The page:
October 1, 2008


Norway's researchers focus on sustainable salmon feed


Commercial salmon farming can be a net fish protein producer according to recent research findings from CAC in Norway.


CAC is a large-scale research station where all harvested salmon are sent for commercial sale. The facility is owned by Marine Harvest, Skretting and AKVA group.


The CAC trial, with 800,000 salmon aimed to document sustainable production of salmon using vegetable-based sources as feed instead of the usual protein source, which is derived from the sea.


Salmon farming has long been criticised for deriving salmon feed from the limited fishery resources. 


Knut Nesse, Managing Director of Skretting Salmon Feed said this is the first time a large-scale fish trial could be conducted over an entire generation, and where more fish protein could be gained than the fish feed supplied.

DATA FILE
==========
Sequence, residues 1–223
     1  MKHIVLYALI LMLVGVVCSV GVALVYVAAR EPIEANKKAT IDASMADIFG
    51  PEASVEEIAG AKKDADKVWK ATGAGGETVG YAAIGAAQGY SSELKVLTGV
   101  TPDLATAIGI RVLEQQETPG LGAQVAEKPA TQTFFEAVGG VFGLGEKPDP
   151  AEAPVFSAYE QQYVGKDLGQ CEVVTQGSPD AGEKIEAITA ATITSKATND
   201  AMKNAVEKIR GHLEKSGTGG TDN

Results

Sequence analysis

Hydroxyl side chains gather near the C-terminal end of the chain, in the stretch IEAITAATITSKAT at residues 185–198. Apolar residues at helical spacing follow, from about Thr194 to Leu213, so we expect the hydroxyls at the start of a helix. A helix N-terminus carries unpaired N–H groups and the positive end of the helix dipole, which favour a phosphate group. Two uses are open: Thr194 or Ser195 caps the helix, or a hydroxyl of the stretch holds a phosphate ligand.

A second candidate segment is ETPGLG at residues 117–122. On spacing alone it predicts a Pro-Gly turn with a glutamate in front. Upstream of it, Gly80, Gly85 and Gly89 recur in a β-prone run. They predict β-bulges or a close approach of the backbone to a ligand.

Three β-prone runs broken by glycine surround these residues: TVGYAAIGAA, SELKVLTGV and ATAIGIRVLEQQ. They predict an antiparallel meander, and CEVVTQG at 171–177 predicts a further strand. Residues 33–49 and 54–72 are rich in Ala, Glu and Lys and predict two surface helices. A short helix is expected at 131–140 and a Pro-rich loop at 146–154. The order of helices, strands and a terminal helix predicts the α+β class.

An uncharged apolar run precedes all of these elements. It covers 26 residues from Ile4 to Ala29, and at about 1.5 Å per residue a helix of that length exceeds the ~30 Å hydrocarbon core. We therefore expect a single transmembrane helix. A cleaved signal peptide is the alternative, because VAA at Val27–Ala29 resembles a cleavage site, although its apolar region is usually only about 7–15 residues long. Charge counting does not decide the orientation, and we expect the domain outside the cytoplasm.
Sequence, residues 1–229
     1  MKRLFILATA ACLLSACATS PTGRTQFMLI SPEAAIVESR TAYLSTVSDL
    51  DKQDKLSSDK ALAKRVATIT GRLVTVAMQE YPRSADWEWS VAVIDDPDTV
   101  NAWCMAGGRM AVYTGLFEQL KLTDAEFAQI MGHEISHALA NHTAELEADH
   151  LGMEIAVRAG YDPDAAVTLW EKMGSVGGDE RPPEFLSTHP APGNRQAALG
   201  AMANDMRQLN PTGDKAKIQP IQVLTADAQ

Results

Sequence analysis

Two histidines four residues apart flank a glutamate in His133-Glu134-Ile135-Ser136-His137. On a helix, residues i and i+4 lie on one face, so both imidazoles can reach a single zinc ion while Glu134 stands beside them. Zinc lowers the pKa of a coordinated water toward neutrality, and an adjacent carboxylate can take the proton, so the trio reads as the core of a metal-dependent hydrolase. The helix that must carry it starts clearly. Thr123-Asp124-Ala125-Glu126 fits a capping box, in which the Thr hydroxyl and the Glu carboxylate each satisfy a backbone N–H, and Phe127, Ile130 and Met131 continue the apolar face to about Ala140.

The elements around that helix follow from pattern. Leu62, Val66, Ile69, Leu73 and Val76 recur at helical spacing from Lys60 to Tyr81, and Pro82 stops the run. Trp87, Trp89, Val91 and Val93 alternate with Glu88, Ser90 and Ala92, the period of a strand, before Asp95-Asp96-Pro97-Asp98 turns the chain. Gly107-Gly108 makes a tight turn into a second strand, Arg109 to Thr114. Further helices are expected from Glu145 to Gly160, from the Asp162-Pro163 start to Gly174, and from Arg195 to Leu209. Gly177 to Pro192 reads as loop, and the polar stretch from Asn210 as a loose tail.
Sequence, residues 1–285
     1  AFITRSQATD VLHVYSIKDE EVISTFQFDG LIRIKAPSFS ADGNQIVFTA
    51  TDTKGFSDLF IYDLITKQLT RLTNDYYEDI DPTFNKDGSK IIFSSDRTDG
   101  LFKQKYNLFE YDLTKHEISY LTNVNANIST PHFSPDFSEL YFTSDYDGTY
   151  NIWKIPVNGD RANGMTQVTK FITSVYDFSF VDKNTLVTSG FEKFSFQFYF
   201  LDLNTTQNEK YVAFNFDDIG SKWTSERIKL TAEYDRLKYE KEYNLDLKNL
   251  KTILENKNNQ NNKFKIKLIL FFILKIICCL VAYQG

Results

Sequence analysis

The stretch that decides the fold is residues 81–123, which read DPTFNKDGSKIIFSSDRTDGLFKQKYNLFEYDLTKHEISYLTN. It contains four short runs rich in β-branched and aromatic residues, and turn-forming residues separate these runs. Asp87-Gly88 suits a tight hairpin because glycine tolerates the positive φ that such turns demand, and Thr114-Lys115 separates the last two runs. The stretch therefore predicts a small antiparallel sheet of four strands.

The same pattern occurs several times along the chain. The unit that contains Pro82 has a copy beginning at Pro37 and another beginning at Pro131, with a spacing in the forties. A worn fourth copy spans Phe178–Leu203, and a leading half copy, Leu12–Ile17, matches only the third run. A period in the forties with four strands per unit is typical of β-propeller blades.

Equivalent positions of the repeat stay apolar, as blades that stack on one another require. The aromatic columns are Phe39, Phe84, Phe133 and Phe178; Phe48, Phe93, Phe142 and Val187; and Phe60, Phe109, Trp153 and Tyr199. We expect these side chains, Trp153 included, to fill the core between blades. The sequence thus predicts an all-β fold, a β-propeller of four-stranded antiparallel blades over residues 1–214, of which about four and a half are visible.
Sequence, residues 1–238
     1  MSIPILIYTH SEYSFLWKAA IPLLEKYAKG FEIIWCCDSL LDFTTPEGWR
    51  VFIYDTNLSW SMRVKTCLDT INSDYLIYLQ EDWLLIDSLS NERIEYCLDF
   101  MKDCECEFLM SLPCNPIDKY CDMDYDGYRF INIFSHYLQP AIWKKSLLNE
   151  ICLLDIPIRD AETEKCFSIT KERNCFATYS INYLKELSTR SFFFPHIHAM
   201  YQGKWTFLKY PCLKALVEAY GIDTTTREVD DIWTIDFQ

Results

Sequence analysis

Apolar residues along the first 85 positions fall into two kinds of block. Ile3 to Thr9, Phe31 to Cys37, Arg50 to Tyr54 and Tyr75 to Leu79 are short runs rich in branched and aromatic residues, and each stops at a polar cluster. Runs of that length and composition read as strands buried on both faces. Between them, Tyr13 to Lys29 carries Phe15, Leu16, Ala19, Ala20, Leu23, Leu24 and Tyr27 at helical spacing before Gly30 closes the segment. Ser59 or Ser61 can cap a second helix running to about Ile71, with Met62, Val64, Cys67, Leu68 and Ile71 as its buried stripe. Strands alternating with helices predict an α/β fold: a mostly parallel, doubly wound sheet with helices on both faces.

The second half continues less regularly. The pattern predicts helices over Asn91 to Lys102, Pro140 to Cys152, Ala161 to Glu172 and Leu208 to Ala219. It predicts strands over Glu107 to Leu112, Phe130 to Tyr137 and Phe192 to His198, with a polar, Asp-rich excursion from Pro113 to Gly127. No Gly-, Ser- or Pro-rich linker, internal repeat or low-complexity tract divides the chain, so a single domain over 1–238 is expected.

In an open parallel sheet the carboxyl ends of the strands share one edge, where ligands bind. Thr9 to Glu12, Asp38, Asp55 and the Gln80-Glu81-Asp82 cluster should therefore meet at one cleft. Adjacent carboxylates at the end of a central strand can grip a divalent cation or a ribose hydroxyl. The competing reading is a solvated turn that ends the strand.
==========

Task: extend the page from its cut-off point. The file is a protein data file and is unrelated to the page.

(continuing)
In the trial, fish are divided into three groups, which are fed separate diets.


One group was fed with feed that is almost identical to Skretting's normal diet, but with a slightly higher vegetable oil content.


The other two groups were given feed where even more of the marine protein raw materials have been replaced with vegetable raw materials. It is these two groups that are yielding more fish protein than has been used in production of the feed.


Preliminary figures show that the feed that contains fewest marine resources gives just under 1.2 kg top quality fish protein in the form of salmon per kilogram fish protein used in the feed.


Fish measurements taken so far show normal levels of omega-3 fatty acids, including the long chain omega-3 fatty acids EPA and DHA.


Final figures will be ready in the next few months when the trial is concluded.

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